We have all heard of and practiced Eastern home design principles such as vastu shastra, feng shui and wabi-sabi. But even the west can teach us a thing or two about holistic home decor that helps us stay happy and healthy. Here are some cool trends that are super hot this year.
Hygge, Lagom, Friluftsliv, Fika, Niksen? Sounds Greek to you? Fine, European, but maybe more northern. As the world struggles to survive the pandemic and return to normal, wellness home design concepts like these are winning converts in droves. They may have different names, but they all point to the same principle – an improved quality of life.
Derived from an old Norwegian word meaning “well-being”, this is not only an important part of Danish culture as a minimalist interior design style, but has also gained wide popularity worldwide.
It embodies the feeling of being content while enjoying life’s simple pleasures and celebrates the values of home, hearth and togetherness that bring us comfort and joy.
How do I achieve hygge? Spend time with family, invite friends over for dinner, and get rid of annoying clutter. That being said, the most important aspects of hygge decor are natural elements and neutral color schemes – white walls or warm neutrals create a calming canvas, accompanied by natural elements like wood, bamboo and plants.
Mood lighting is another important factor, as are scented candles, cushions and rugs. In fact, Danes are said to be the happiest people in the world, so it’s definitely worth taking a page out of your hygge book.
Many see this design trend as a Swedish twist on Danish hygge. Rooted in the Swedish idea of ’just right’, it’s about focusing on needs rather than wants and knowing when you’ve had enough. Rather than blind accumulation, Lagom makes a point of buying only the things you need to live. Yes, it focuses on decluttering, but no, it doesn’t mean living spartan. It means providing your nest with a soft, soothing vibe without over-decorating and accessorizing. Part of Lagom is connecting with nature, so bring plants inside or capture the view outside with large windows.
Incidentally, scientists have found a link between acquisition and unhappiness, and Swedes are certainly advocates of quality of life over material accumulation, and being present in the moment rather than obsessing over what to buy or do next.
This Welsh term has a variety of English translations, the most common of which is ‘hug’ or ‘cuddle’, and the Welsh use it to describe an act of love, comfort and comfort. Cwtch also means ‘cabin’ or ‘closet’ as the feel of cwtch means being surrounded by something or someone for safety.
Cwtch’s design therefore brings an element of comfort and familiarity into your home. Traditional and historical pieces are particularly relevant as decorators draw inspiration from the past. Plush furniture, antique decorative items and deep-seated sofas are just a few of the items commonly seen in the homes of cwtch-hugging tastemakers.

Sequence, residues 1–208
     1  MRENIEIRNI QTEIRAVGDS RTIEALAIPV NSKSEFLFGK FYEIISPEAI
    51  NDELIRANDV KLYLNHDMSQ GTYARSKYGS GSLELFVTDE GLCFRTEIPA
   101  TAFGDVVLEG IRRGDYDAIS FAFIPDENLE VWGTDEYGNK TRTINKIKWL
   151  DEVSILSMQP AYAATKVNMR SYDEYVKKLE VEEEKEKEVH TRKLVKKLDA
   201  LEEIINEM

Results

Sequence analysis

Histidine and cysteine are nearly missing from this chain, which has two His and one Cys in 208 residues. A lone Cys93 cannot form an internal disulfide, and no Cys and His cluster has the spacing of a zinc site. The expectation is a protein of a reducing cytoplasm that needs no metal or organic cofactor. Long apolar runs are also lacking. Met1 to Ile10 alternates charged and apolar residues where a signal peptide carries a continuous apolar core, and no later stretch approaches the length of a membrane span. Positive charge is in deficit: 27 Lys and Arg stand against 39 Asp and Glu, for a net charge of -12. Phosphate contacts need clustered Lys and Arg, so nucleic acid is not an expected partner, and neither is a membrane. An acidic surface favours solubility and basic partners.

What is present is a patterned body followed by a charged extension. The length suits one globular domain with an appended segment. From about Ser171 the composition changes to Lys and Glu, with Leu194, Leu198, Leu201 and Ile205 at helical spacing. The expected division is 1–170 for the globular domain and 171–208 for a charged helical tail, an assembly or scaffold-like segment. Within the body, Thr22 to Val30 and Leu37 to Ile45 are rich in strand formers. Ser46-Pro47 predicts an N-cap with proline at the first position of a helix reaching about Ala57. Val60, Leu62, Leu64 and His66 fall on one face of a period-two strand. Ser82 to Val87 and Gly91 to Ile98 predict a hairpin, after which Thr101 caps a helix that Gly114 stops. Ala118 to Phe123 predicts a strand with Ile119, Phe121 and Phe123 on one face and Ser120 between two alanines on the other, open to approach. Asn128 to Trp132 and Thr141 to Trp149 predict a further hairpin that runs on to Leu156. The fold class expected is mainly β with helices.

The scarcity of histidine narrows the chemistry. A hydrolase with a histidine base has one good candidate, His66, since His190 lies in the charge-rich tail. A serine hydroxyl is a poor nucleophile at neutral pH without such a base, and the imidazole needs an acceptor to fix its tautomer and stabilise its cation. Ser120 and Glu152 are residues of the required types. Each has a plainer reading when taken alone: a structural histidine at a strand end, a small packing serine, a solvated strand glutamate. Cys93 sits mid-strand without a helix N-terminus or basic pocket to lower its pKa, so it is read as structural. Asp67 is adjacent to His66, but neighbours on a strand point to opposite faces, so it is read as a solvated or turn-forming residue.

Fika is a Swedish term meaning “have a coffee”. Fika stands for the purest form of enjoying coffee, cake or other delicacies. It focuses on the experience of taking the time to fully enjoy a great cup of coffee with friends, family and colleagues. In a world where many of us end up grabbing a quick cup before rushing out, fika represents a relaxed and enjoyable approach to connecting with people through food and drink.
Just drinking a cup of coffee isn’t enough, it’s about making time for a quality break, full of your favorite drink, food and company. It could be in a coffee shop, in your backyard, or even over Zoom.
What’s even better? When sipped from a handcrafted mug, it’s a work of art worthy of being displayed on your kitchen shelves. Yes, make the effort to swap out your regular basic tableware for something made with love, probably by hand on the potter’s wheel.
Coined by playwright Henrik Ibsen, this Norwegian word loosely translates to ‘life in the open air’ or ‘life under the open sky’. It describes the joy and satisfaction that comes from living outdoors and finding opportunities to socialize, exercise, play, and eat outdoors.
Really, it’s no secret that getting outside is not only good for your physical health but also your mental health — from the serotonin-boosting effects of sun exposure to the effects of a stroll through your local park, many wellness experts have the testifies to increased happiness, reduced stress and soul-stirring satisfaction we get from spending time outdoors. You can bring Friluftsliv to the outside areas of your home by outfitting them with campfire pits and grill stations, and encouraging as many al fresco meals as the weather permits.
Switching off, daydreaming, giving yourself the opportunity to be still, this Dutch practice is basically about doing nothing, and above all without having a purpose. As a result, Niksen rooms have become a trend in homes — a private, designated, sanctuary-like space away from the media, TVs, charging stations, and distractions, where you can indulge in intentional futility that can be as simple as sitting in a chair sit, look out the window and just relax.
So, from a design perspective, a Niksen room brings with it a range of performance characteristics – air conditioning, acoustics, lighting and of course clean air methods. Colors must be soothing and soothing, furnishings as reduced as possible. A daily dose of Niksen helps you manage the stresses of everyday life, and according to researchers, it’s just one way to create a happy home.